The 4C's of Contract Management

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The 4C's of Contract Management
Khalil Shahriari PMP, Management Consultant, Iran


In future, the pro-active and effective management of cost, contracts, communication and claims - the four Cs - will consistently become more important to developers and facilitators involved in physical structures and property.

The Contract Manager and Cost Engineer should understand the challenges and opportunities presented by the needs of clients in relation to cost, contracts, communication and claims and perhaps focus their development on the important links between these functions .

Changes and developments in the industry and market will also influence the way in which these functions are managed. For those professionals who deliver these services to the industry, the focus should be on client satisfaction and a positive experience for all concerned. Establishing a link and effectively managing the process to ensure success should be the primary aim of the manager. This should be done in close partnership with all functionaries, engaged in the process.

Planning, controlling and co-ordinating budgets and cost plans, as well as communicating results will limit claims and facilitate the processes of contract management. The contract should also facilitate partnerships and the system should be aimed at satisfying needs, seeking opportunity and pursuing growth.
It is recommended that Contract Managers should position themselves to perform a more dynamic role in respect of cost, contracts, communication and claims (or disputes):
• Cost Management: The Contract Manager is educated and trained to perform an effective cost-management function, but should be able to utilize all the methods, tools and techniques to best effect and to the advantage of the project as a whole. An integrated approach, utilizing all the methods, is suggested.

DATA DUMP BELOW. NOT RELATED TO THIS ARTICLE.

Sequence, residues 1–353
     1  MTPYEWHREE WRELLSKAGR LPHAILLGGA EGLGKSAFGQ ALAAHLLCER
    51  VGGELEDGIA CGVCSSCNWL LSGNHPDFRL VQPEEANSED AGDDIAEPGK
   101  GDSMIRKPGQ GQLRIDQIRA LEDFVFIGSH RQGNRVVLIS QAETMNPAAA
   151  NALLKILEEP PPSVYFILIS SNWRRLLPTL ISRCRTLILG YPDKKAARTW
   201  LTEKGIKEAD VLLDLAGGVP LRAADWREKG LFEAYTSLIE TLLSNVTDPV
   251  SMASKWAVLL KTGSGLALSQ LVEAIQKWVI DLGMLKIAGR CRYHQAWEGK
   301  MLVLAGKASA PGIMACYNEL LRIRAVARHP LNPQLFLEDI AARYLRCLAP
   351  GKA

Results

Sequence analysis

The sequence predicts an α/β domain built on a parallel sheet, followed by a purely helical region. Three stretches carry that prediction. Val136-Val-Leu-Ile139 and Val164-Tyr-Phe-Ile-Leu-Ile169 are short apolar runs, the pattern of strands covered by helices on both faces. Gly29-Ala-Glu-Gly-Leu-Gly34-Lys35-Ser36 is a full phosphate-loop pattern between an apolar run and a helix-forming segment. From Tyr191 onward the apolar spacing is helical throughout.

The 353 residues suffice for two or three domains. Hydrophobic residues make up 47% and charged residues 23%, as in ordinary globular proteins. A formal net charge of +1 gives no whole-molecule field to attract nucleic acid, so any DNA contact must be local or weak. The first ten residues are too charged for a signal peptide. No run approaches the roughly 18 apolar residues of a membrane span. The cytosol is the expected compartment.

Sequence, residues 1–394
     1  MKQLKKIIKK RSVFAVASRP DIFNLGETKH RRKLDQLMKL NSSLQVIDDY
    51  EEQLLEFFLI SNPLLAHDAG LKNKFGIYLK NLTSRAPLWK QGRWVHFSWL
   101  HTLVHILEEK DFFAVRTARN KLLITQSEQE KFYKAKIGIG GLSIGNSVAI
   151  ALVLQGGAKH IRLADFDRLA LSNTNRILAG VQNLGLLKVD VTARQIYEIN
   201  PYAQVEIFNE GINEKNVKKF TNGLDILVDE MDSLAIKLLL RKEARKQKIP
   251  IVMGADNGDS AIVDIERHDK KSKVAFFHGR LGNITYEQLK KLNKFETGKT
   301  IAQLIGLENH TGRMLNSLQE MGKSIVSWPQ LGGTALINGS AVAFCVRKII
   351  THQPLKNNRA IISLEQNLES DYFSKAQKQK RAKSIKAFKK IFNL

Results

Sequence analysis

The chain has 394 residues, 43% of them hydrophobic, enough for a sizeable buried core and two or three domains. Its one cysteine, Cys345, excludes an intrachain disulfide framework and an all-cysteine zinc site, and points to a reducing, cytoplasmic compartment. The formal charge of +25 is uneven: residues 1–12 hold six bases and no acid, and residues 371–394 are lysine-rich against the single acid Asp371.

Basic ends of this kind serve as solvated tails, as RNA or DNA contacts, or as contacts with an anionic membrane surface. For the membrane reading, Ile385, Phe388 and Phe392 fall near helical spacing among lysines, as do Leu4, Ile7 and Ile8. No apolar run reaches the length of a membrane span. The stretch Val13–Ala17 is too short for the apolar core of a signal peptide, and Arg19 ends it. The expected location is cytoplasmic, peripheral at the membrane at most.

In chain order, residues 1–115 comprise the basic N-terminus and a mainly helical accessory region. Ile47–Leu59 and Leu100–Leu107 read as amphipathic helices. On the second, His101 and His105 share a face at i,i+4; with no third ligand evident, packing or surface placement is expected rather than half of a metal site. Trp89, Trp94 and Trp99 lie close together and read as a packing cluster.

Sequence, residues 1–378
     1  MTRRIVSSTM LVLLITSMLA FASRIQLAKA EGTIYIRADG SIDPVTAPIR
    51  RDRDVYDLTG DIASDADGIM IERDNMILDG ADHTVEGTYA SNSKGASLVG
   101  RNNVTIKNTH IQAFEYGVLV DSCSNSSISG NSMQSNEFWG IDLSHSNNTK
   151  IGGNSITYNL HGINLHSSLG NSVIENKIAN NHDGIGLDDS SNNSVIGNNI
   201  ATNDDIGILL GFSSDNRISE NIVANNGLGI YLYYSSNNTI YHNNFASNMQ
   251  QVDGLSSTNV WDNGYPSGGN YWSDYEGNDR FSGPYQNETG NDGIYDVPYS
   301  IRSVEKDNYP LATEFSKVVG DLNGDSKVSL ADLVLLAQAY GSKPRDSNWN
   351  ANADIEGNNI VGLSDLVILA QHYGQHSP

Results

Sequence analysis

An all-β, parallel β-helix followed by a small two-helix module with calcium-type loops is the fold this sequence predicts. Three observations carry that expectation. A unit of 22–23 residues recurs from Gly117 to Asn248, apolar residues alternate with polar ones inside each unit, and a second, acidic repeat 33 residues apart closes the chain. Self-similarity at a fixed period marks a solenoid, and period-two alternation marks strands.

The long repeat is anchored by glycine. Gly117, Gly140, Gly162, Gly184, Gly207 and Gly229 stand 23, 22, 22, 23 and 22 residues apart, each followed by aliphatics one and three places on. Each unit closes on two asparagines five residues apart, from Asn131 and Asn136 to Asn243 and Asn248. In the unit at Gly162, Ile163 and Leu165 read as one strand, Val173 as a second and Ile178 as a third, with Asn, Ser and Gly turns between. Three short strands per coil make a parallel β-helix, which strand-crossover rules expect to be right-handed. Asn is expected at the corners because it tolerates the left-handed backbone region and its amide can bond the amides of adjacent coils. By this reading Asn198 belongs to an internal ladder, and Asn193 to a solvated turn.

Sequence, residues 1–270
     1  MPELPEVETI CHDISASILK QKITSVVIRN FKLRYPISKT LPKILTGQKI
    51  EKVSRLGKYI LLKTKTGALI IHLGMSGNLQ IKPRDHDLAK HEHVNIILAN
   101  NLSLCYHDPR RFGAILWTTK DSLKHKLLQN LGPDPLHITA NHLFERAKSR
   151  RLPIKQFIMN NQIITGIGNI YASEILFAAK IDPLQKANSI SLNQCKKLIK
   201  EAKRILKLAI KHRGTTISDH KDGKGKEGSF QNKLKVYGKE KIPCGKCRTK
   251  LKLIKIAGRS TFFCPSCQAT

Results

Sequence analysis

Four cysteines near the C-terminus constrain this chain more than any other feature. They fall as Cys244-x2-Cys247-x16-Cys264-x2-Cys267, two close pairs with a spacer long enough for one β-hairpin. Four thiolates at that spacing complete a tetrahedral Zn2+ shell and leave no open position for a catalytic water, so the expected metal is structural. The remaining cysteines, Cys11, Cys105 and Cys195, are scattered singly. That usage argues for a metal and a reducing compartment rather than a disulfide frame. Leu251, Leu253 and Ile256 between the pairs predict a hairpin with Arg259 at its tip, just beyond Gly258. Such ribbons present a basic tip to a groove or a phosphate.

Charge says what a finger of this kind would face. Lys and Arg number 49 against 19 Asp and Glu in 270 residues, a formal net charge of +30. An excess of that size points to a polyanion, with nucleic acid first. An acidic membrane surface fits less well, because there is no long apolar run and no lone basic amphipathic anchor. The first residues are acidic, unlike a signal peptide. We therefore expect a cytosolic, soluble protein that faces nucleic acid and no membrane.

• Contracts: Contract Managers should be able to analyse the client’s needs as well as the designer’s approach and the environmental influence when suggesting alternative procurement methods. Quality contract documentation remains a non-negotiable part of future services. Although many new methods may be used in the future, the project manager should continuously ensure that contractual expertise remains part of the service provided. This can only be a reality if they remain sensitive to changes in the industry and the real needs of the client. Training remains a key performance area.

• Communication: This is an area where the Contract Manager may need development, but effective communication with all role players will be a major part of future day-to-day activities. One has to note the importance of communication aimed at achieving results as one negotiates for client - and also contractor-satisfaction in an industry which is known for its claims, disputes and conflict.

• Claims and disputes: The Contract Manager must know, understand and be able to advise, use and apply claims-adjudication and dispute-resolution methods. This is an area of growth because an effective dispute-resolution process will enable the parties and all role players to spend more time, money and energy on the project. The dispute-resolution process to be implemented should allow for various alternatives, but be based on a real understanding of how the effective management of costs, contracts, communication and claims may limit the frequency of disputes and maximize project-directed energy.
Costs, contracts, communication, claims and project management

Diagram 1 shows the relation of the four elements as determinants of the model to project management knowledge areas.

Diagram 1: Project management, knowledge and skills areas
Source: (PMBOK)

The above diagram shows the importance of cost, contracts, communication and claims within the body of knowledge of project management.

The basic elements of the proposed Contract Managing Model are cost, contracts, claims and communication as shown in Diagram 2.

Diagram 2: Basic elements of the proposed Contract Managing Model

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